I've just ordered "Invisible Women: Exposing Data Bias in a World Designed for Men". I haven't read it yet (obviously), so here's a summary I found:
Imagine a world where your phone is too big for your hand, where your doctor prescribes a drug that is wrong for your body, where in a car accident you are 47% more likely to be seriously injured, where every week the countless hours of work you do are not recognised or valued.
If any of this sounds familiar, chances are that you're a woman.
For example, did you know that women are more at risk in case of heart attack because they show different symptoms from the classic "left arm pain", and are therefore sent home by the doctor with the only prescription of "resting a bit"?
We work in a sector that is dominated by men, we all know it, and the causes are probably a mix of natural predisposition (to be clear: I'm NOT saying that males are in any way better or more successful; I mean that males may be generally more inclined to be interested in coding - and to be honest I'm not even sure of this) and a bunch of toxic practices that for the sake of simplicity I'll call gatekeeping.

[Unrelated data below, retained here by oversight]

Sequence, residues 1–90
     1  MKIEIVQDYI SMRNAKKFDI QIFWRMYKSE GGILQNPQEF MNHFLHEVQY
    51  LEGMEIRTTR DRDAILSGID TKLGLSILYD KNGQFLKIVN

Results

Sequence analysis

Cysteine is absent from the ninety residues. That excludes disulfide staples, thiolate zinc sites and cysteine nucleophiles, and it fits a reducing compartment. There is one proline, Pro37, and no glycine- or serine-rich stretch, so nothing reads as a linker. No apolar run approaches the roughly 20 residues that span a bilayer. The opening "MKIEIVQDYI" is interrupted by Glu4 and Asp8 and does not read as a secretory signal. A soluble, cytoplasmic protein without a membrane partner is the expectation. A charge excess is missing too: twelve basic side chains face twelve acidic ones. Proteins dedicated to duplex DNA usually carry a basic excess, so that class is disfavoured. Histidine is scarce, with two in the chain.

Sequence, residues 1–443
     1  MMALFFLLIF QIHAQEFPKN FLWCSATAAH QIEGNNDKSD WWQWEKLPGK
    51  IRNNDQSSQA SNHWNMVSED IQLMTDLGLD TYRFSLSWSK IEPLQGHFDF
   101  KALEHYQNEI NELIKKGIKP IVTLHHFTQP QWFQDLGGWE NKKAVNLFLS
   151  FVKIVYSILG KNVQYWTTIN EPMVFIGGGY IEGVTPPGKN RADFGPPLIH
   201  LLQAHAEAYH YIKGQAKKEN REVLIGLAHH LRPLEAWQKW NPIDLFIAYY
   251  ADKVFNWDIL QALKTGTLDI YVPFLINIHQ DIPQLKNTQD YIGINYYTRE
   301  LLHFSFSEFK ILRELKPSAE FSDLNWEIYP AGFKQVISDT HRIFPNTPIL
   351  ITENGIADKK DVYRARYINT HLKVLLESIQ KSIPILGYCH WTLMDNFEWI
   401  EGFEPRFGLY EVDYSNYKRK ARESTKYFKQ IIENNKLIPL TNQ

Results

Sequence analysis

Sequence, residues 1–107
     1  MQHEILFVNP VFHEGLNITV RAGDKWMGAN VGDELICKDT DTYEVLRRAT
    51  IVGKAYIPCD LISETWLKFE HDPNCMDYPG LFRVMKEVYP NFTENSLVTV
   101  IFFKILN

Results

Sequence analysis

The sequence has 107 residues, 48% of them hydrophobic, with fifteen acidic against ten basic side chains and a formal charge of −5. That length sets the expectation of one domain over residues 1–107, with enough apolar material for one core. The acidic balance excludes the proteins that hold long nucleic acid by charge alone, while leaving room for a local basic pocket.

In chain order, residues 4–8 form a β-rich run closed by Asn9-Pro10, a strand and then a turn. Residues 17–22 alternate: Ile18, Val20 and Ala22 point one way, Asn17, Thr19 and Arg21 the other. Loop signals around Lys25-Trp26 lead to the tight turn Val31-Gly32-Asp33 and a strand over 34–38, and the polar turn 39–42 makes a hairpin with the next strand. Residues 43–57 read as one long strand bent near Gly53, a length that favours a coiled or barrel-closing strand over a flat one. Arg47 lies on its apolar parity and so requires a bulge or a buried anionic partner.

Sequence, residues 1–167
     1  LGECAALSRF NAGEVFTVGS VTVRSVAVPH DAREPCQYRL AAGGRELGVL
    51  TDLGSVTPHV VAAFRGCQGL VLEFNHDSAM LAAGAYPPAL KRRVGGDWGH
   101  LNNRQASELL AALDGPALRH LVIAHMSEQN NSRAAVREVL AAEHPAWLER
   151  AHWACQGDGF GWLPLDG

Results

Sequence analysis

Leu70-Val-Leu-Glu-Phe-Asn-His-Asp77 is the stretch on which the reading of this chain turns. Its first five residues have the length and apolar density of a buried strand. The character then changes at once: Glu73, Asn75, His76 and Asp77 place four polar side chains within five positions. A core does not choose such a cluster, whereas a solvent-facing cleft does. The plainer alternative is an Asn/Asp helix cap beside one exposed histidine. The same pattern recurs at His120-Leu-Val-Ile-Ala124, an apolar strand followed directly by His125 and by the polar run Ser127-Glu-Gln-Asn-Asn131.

It's not difficult to come across issues around bias in data (starting from what is collected and how) and in algorithms (think all those AI algorithms that end up reinforcing the dominant narrative). It's even easier to come across huge issues in recruiting.
I may be naïve, but up until now I thought all these were solvable problems, and that someday hopefully soon we would all be living in a more equal, fair world.
But not all is up to the hiring manager. Seeing for the first time how the whole world is basically designed to be unfit for women is shocking.
Reading a book is not a lot of work, and it may not do much to change my own biases, but understanding how deeply these issues affect half of our population is a first step towards a better self and a better future.
Our impact goes way beyond the code we write, and I'm wondering: what can we do as a community, and what can I do as a developer/freelancer/employee to not only passively support those in non-privileged positions, but to actively make an impact? I'm looking for concrete actions here.
Ps: I understand this post is concerned with only one part of the problem and it oversimplifies it in the "male vs. female" narrative. I'm aware we should also be talking about races, other genders, sexual orientations, disabilities, etc. But this book, which sparked my post, is specifically about the impact of a male-dominated society on female-body-bearers so to say. Do feel free to expand the discussion in the comments though!